Mamaw, as he called her, represents the culture lost when the families of several generations were uprooted by economics and dropped dead by economics. “The Lord giveth and the Lord taketh away,” as my father used to say. I had his brother-in-law minister, a chaplain of the Arizona National Guard, read it at his graveside ceremony. Vance does not mention churchgoing in Middleton, but I suppose religion was a part of the lost culture because in every North Carolina hollow where I searched for Calloways there was a church — usually Baptist — often looking forsaken. Vance observes out of nowhere, “I wasn’t surprised that Mormon Utah — with its strong church, integrated communities, and intact families — wiped the floor with Rust Belt Ohio.”

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Singing Through Ireland

A response to Churchill’s question

August 27, 2016 in JOURNEYS | Comments (1)

 

Schola Cantorum singers

 

By Larry Joseph Calloway ©

We went to Ireland in the summer of the political year 2016 with a group that often burst out in song. They sang in enormous cathedrals, among grey monastic ruins, at a sacred lake shore, on a green moor above the ocean, and in pubs. Everyone was talking about Brexit and how it would screw the Irish – a familiar theme in the history of British politics.

In 1921 young Winston Churchill, a negotiator of the oppressive Anglo-Irish Treaty partitioning Ireland, rose in Parliament to defend it. He asked:

 “Whence does this mysterious power of Ireland come? It is a small, poor, sparsely populated island, lapped about by British sea power on every side, without iron or coal. How is it that she sways our councils, shakes our parties, and infects us with great bitterness, convulses our passions, and deranges our action?”

First king with harp

First king with harp

Churchill did not answer his rhetorical question. I will not attempt an answer except to say that the symbol of Ireland is not a lion but a harp and that Ireland responds not with a roar but with songs and stories. Patricia and I listened to these as we accompanied the small Schola Cantorum choir of Santa Fe on a concert tour from Dublin to Sligo to Armagh to Westport to Galway.

There was, for example, a monk who had a white cat. In the tight margin of a scriptorium manuscript – vellum was precious in the ninth century — he scribbled a light poem equating his cat’s mousing with his own scribing. A translation from the Old Irish concludes:

So in peace our task we ply

Pangur Ban, my cat, and I;

In our arts we find our bliss,

I have mine and he has his.

 

Practice every day has made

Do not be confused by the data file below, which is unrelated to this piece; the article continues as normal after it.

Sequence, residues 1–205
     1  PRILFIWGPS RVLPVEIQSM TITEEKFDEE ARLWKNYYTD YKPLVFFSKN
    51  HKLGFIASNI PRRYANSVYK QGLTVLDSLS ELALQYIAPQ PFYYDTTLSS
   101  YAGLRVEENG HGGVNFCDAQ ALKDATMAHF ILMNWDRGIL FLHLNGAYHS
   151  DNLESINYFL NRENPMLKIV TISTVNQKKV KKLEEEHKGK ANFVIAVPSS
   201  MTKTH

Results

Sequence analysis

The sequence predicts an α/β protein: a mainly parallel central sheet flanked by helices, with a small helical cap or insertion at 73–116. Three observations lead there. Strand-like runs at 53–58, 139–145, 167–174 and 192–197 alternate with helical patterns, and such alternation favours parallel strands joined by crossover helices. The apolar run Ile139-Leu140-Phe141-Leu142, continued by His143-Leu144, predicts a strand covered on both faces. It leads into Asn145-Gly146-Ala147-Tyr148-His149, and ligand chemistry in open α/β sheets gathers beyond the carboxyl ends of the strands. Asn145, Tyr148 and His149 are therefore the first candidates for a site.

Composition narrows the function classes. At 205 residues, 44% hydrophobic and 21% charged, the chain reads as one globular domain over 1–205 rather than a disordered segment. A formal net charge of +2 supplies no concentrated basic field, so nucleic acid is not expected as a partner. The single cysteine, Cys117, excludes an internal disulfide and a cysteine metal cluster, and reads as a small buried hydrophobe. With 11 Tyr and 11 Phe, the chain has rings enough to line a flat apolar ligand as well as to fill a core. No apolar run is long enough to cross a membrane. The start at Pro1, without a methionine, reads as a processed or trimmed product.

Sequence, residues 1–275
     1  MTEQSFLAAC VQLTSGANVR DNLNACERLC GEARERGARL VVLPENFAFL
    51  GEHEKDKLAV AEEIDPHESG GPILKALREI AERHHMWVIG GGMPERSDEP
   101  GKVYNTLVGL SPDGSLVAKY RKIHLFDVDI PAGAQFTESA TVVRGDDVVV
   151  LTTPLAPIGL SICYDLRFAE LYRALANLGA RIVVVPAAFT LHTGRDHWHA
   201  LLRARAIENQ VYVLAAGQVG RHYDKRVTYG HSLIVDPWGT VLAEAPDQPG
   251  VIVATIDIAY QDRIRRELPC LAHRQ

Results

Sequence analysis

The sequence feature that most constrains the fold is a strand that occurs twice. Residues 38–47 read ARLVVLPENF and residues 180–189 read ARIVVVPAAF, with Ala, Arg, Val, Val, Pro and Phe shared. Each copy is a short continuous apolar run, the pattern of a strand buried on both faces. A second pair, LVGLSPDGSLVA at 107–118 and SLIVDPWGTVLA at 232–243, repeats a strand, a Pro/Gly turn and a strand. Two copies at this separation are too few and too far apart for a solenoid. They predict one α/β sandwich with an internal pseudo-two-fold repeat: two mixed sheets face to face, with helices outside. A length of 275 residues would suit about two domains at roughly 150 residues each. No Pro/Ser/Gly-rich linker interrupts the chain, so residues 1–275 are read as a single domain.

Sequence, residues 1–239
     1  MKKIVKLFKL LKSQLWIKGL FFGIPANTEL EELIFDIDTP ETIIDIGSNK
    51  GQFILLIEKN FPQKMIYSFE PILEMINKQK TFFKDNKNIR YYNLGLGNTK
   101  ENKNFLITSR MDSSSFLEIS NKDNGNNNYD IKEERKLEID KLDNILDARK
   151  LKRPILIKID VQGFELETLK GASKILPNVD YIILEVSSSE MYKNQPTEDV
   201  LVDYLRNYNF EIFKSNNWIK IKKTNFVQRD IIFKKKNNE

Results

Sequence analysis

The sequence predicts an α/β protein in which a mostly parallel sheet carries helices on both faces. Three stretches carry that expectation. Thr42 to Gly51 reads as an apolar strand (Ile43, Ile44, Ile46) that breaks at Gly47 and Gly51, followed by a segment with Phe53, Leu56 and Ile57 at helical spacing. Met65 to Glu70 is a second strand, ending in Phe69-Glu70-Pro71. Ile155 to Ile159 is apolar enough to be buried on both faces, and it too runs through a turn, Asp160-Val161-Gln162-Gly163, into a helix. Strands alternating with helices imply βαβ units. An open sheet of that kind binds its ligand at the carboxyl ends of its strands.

Pangur perfect in his trade;

I get wisdom day and night

Turning darkness into light.”

 The curators of The Book of Kells at Trinity College in Dublin chose the unknown monk’s verse as an introduction to the present exhibit. For, in its sweet imagery the Book of Kells is about the monks who made it. They were graffiti tricksters. They stretched the vow of poverty to exclude possession of cats. Their surviving artistry is uniquely Irish, with bold calligraphy and bright colors. Their interlocking images are impressive in detail but not intimidating – even though the text of the Book of Kells is the four Gospels in Church Latin.

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South By South Park

A story served on a golden plate

October 25, 2015 in JOURNEYS | Comments (2)

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By LARRY JOSEPH CALLOWAY

In late August of the saddest summer, speeding through the emptiness of Colorado’s South Park on the way to Denver to see “The Book of Mormon” and to attend my high school class reunion, I lightened up by writing. Not texting – that’s unlawful – but writing, which is OK if you do it in your head.

I worked up a concept for an episode of “South Park,” the cartoon where foul-mouthed little kids living in perpetual winter, constantly undermine their politically correct parents. The two former CU-Boulder students who created “South Park” also created “The Book of Mormon.” I was driving through the geographical reality, a national heritage area, wondering how the two satirists were getting away with mocking the sacred reality.

My mind-draft of the episode began with those shitty little kids suspecting their parents of marching with a subversive militia. The adults have been secretly preparing for a demonstration. They have been hailing the image of a uniformed leader and saluting an enemy flag.

The obscene little kids don’t care about plots to overthrow the government, or whatever. Their concern is the rigorous activity will introduce parents to the idea of discipline and this could lead to child discipline or worse – like, military school.